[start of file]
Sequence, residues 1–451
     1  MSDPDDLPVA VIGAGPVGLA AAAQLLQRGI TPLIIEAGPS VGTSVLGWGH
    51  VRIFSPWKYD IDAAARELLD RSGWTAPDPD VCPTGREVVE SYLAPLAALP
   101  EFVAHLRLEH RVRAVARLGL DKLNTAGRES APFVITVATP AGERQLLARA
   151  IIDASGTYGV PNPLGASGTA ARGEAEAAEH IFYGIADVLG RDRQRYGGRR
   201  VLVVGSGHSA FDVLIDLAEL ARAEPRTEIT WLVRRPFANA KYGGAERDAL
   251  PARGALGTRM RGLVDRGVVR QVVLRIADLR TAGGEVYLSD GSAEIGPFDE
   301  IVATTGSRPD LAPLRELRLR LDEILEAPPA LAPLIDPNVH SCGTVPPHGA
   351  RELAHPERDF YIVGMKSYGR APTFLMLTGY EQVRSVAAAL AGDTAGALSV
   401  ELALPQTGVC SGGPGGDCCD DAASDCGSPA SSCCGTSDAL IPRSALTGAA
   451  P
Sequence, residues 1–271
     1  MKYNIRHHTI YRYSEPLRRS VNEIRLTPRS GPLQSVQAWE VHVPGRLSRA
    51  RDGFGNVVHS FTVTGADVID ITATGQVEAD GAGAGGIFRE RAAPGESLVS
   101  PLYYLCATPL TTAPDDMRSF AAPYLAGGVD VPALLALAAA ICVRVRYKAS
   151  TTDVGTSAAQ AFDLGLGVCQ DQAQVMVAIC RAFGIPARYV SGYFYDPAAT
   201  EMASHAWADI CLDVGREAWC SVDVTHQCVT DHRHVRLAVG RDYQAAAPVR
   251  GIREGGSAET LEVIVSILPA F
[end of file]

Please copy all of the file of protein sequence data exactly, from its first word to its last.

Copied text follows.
Sequence, residues 1–451
     1  MSDPDDLPVA VIGAGPVGLA AAAQLLQRGI TPLIIEAGPS VGTSVLGWGH
    51  VRIFSPWKYD IDAAARELLD RSGWTAPDPD VCPTGREVVE SYLAPLAALP
   101  EFVAHLRLEH RVRAVARLGL DKLNTAGRES APFVITVATP AGERQLLARA
   151  IIDASGTYGV PNPLGASGTA ARGEAEAAEH IFYGIADVLG RDRQRYGGRR
   201  VLVVGSGHSA FDVLIDLAEL ARAEPRTEIT WLVRRPFANA KYGGAERDAL
   251  PARGALGTRM RGLVDRGVVR QVVLRIADLR TAGGEVYLSD GSAEIGPFDE
   301  IVATTGSRPD LAPLRELRLR LDEILEAPPA LAPLIDPNVH SCGTVPPHGA
   351  RELAHPERDF YIVGMKSYGR APTFLMLTGY EQVRSVAAAL AGDTAGALSV
   401  ELALPQTGVC SGGPGGDCCD DAASDCGSPA SSCCGTSDAL IPRSALTGAA
   451  P
Sequence, residues 1–271
     1  MKYNIRHHTI YRYSEPLRRS VNEIRLTPRS GPLQSVQAWE VHVPGRLSRA
    51  RDGFGNVVHS FTVTGADVID ITATGQVEAD GAGAGGIFRE RAAPGESLVS
   101  PLYYLCATPL TTAPDDMRSF AAPYLAGGVD VPALLALAAA ICVRVRYKAS
   151  TTDVGTSAAQ AFDLGLGVCQ DQAQVMVAIC RAFGIPARYV SGYFYDPAAT
   201  EMASHAWADI CLDVGREAWC SVDVTHQCVT DHRHVRLAVG RDYQAAAPVR
   251  GIREGGSAET LEVIVSILPA F